April 4 2018 photo of a train station in Chicago featuring a Facebook ad warning against fake accounts
One of the biggest surprises from Friday’s tornado, besides the tornado itself, was a related thread on the Facebook page “Impressions of Luxembourg”.
The page usually posts stunning photos of the grand duchy. This time the administrator posted a stock photo of a tornado, which had reportedly been circulated with the claim it was the tornado that struck Luxembourg. The post was shared 162 times and received 47 comments. Some asked why anyone would mislead in such a way. I can only speculate. Sometimes news organisations or bloggers purchase stock photos to illustrate a story where they don’t have a photo from the scene. It could be because it is an incident that has just occurred, or the site lacks the resources to send a reporter. In the majority of instances, the goal is not to mislead. Simply, most legitimate news sites are structured in a way they have to carry a photo so the editors are trying to be resourceful, not malicious.
I was positively surprised by the scepticism of the thread. One account owner even wrote they had recognised the photo as a stock picture. It’s reassuring for me because I am noticing more and more suspected fake Facebook accounts accessing Facebook groups in Luxembourg. There are (in my mind) justifiable reasons why some people might create fake accounts: perhaps they risk imprisonment for criticizing an oppressive government, or they wish to ask a question anonymously. I’m not talking about these kinds of fakes. I’m talking about the more malicious ones.
In the first quarter of 2019, Facebook disabled 2.2 billion fake and compromised accounts, many of them hiding behind stolen photos. Millions more have cropped up since. I’m talking about the accounts that are fronts for bots (a software application performing tasks automatically), cyborgs (automatic with some human curation or posting) or trolls (fully human). According to Nato Stratcom report “The Black Market for Social Media Manipulation”, these accounts can be purchased on the open internet, with prices depending on the time and effort needed for a manipulation.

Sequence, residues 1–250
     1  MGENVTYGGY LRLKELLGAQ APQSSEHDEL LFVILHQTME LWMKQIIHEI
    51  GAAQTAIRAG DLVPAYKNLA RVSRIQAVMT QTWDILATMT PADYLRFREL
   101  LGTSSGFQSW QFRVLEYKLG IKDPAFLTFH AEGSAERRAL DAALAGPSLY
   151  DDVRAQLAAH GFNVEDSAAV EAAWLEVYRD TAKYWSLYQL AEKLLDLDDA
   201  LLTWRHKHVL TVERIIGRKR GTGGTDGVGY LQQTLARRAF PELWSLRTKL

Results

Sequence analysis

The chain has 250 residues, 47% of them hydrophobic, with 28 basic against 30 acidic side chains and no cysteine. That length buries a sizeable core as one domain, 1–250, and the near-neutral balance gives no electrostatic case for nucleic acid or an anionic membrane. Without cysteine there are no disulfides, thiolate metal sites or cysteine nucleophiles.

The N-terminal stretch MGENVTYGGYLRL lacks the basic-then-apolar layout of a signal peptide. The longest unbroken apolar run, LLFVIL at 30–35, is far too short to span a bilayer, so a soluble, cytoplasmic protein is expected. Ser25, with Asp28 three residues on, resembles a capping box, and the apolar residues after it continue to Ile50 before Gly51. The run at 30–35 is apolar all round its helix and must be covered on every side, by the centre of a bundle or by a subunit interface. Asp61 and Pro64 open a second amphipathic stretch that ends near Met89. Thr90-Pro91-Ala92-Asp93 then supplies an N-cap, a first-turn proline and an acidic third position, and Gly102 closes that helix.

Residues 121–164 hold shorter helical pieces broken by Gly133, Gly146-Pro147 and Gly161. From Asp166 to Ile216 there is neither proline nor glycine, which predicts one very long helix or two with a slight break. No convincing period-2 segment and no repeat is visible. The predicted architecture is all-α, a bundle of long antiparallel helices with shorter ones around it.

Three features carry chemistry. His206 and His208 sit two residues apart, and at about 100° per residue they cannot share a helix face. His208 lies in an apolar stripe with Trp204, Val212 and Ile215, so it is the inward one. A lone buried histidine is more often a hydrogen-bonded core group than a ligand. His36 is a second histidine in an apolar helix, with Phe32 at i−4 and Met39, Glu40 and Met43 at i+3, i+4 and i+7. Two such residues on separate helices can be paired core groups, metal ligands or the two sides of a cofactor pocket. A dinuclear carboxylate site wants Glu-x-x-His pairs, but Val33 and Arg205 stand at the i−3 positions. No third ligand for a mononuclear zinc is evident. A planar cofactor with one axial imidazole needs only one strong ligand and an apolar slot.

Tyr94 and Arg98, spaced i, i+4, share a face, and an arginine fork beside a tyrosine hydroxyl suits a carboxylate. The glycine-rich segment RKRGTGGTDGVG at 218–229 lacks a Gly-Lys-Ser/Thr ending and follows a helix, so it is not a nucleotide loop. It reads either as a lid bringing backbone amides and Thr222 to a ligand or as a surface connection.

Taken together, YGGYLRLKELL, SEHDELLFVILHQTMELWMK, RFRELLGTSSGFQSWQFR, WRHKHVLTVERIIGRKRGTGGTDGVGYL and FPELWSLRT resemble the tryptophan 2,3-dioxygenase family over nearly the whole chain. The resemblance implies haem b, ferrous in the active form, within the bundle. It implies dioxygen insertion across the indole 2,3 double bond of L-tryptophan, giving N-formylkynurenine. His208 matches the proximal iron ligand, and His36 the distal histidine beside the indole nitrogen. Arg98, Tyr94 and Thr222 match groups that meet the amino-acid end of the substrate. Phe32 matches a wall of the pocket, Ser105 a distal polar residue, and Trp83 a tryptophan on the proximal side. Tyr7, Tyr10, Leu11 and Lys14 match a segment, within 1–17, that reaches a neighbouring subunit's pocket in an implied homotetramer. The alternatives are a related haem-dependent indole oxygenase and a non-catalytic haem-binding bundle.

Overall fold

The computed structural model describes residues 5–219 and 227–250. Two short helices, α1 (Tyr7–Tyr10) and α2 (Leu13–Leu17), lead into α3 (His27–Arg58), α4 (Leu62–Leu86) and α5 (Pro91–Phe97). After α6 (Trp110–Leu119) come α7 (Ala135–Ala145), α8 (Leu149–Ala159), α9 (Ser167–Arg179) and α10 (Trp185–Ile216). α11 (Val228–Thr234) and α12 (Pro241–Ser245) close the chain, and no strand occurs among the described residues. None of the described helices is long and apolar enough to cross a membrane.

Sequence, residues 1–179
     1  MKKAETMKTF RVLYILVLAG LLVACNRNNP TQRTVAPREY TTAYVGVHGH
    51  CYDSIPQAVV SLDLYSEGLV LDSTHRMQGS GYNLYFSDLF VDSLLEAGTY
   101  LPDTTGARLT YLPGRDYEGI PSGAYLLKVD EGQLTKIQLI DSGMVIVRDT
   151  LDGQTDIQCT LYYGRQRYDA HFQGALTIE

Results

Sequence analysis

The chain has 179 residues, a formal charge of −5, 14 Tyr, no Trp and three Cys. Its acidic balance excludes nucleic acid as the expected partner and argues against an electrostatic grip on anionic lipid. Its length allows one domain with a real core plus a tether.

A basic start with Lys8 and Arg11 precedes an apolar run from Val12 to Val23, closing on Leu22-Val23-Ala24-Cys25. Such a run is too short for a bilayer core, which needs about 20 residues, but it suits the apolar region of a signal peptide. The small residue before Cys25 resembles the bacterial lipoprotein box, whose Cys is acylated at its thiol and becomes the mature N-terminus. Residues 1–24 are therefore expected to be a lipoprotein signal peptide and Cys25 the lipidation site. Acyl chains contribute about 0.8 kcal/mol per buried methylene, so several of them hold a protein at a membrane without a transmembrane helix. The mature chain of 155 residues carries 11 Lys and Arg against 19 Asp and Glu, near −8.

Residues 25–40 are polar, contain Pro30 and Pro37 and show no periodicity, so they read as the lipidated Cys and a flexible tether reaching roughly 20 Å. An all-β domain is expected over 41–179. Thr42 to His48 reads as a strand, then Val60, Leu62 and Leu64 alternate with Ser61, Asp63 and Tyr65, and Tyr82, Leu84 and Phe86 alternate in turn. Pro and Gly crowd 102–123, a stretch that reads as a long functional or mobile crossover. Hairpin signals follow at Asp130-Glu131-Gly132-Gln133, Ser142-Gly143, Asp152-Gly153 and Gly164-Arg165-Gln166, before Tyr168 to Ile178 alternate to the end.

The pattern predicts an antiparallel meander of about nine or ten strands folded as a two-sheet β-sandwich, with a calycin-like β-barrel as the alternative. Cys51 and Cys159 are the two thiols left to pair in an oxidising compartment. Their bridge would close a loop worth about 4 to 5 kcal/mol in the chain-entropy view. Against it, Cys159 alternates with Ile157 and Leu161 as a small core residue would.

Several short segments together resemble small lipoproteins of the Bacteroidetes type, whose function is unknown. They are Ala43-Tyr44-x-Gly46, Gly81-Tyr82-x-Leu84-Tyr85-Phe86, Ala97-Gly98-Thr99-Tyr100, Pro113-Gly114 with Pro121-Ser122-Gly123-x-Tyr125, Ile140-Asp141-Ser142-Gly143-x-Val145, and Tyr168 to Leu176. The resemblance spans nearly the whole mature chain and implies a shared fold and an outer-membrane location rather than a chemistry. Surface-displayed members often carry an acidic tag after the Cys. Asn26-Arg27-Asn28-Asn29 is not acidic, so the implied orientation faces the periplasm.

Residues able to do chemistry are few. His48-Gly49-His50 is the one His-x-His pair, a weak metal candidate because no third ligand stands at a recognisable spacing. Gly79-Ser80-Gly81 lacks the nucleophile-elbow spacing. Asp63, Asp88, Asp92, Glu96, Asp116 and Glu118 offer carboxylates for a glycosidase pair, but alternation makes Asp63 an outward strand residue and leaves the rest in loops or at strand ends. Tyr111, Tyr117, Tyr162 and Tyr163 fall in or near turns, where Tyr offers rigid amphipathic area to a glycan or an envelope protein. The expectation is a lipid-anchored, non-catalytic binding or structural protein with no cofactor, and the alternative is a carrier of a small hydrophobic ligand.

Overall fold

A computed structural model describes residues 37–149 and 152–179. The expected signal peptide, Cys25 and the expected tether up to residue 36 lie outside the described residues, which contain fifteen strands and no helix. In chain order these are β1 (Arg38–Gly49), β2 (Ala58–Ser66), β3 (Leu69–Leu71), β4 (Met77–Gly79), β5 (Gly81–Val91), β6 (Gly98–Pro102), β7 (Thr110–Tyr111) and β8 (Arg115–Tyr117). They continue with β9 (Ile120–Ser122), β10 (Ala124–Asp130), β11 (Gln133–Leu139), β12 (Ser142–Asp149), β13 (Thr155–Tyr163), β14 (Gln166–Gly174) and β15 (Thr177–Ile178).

What do they do?
They do many things that fall under the umbrella term “coordinated inauthentic behaviour”. These accounts could be used to “like” certain posts, to post fake news stories and make them go viral, or they could be used to troll journalists and activists who challenge a narrative that the manipulator wants to spread. This kind of activity hasn’t been identified in Luxembourg but that doesn’t mean the bots aren’t here, in our favourite expat groups.
Fadi Safieddine, associate professor in management information systems at Queen Mary University of London will next year publish a book on the subject. He believes that these kinds of groups are an ideal cover for the fake accounts, helping them to avoid detection by the Facebook algorithms created to identify fakes. “We believe they may be preparing a trojan horse or sleeper cells where they look genuine and have a history,” he explained.
Account history is very important for fooling the Facebook algorithms, Safieddine says. He tested them by creating four fake profiles. Facebook shut down the first within three weeks, the second in a week, the third in 24 hours and the fourth in 30 minutes. Each time, the platform conducted an ID check, which successfully called the new accounts out as fake. “If you’re trying to create an adult account joining Facebook, they look at you with suspicion. Because they close it so quickly, it means those who are determined, will try to find a way to bypass the algorithm,” he said. In a lot of cases, this means fake accounts blend in until the moment when an election or referendum looms (anywhere in the world). That’s when we see their behaviour change--they will post or share fake content that pushes an agenda--be it to create chaos, discredit a candidate or otherwise. “By the time the fact-checkers come along, the average is 1.6 days, by then the post has gone viral,” said Safieddine.
How to spot fake accounts
The worrying thing is it’s quite possible we’ve already interacted with a fake account already in a Facebook group. Identifying them is tricky. Just over a year ago, the advice was to do a reverse image search of the photos they use. However, the searches by platforms like Google and tineye which offer this service cannot filter through all Facebook photos. Facebook restricted such searches to avoid people tracking down ex-partners in bad faith. There was a time when poor grammar was a sign of coordinated inauthentic behaviour. But language tools have been integrated into bot codes. Plus, in a multicultural country like Luxembourg, who can expect everyone to write English fluently?
Some group moderators have introduced a short questionnaire for new joiners to sort out the fakes. Others exclude accounts which do not say they are based in Luxembourg. But, semi-human run accounts with enough guile will always find a way through. I’ve spent hours trawling through some suspected fake accounts, searching for “evidence”. But, the inconsistencies are sometimes subtle. I don’t have the same resources as the Facebook information operations disruption unit and nor does the average Facebook group moderator. “What if there was a tool built into the browser in which you could just write a comment at meta level and say “I believe it’s a fake”? That crowdsourcing element could give you the result in maybe 30 seconds,” Safieddine said.
Critical thinking and scepticism are almost certainly going to be essential going forward. The tornado story reassures me, Luxembourg already has a healthy dose of both.